Evaluation of user behavior and acceptance of an on-bike system

In this study, users’ acceptance of an on-bike system that warns about potential collisions with motorized vehicles as well as its influence on cyclists’ behavior was evaluated. Twenty-five participants took part in a field study that consisted of three different experimental tasks. All participants also completed a follow-up questionnaire at the completion of the three-task series to elicit information about the acceptance of the on-bike system. In the experiment phase, participants were asked to ride the bicycle throughout a circuit and to interact with a car at an intersection. Participants completed three laps of the circuit. The first lap involved no interaction with the car and served the purpose of habituation. In the second and third laps participants experienced a conflict with an incoming car at an intersection. In the second lap, the on-bike device was not activated, while in the third lap, participants received a warning message signaling the imminent conflict with the car. The authors compared the difference in user’s behavior between the second lap (conflict with a car without the warning of the on-bike system) and the third lap (conflict with a car with the warning of the on-bike system). Results showed that, when entering the crossroad, participants were more likely to decrease their speed in case of warning of the on-bike system. Further, the on-bike system was relatively well accepted by the participants. In particular, participants did not report negative emotions when using the system, while they trusted it and believed that using such technology would be free from effort. Participants were willing to spend on average 57.83 € for the system. This study highlights the potential of the on-bike system for promoting bicycle safety.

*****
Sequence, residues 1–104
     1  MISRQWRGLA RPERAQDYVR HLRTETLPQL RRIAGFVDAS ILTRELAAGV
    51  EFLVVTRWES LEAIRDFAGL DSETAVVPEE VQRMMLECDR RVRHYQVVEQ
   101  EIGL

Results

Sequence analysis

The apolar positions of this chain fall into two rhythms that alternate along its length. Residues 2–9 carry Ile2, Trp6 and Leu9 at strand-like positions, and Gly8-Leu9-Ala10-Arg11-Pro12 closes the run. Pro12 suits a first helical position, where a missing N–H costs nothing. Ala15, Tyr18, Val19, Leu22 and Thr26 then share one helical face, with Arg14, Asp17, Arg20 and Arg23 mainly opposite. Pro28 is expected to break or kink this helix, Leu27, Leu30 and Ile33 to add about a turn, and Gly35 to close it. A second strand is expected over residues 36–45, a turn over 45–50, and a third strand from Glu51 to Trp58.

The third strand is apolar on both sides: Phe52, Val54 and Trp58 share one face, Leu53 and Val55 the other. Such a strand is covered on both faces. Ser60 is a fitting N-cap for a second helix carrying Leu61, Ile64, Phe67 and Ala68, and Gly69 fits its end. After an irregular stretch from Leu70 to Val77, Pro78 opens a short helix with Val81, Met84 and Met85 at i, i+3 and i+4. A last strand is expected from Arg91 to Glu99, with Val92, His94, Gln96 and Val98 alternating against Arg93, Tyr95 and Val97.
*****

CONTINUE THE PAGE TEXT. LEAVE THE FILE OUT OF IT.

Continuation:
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  • Accession Number: 01675340
  • Record Type: Publication
  • Files: TRIS
  • Created Date: Jul 2 2018 3:42PM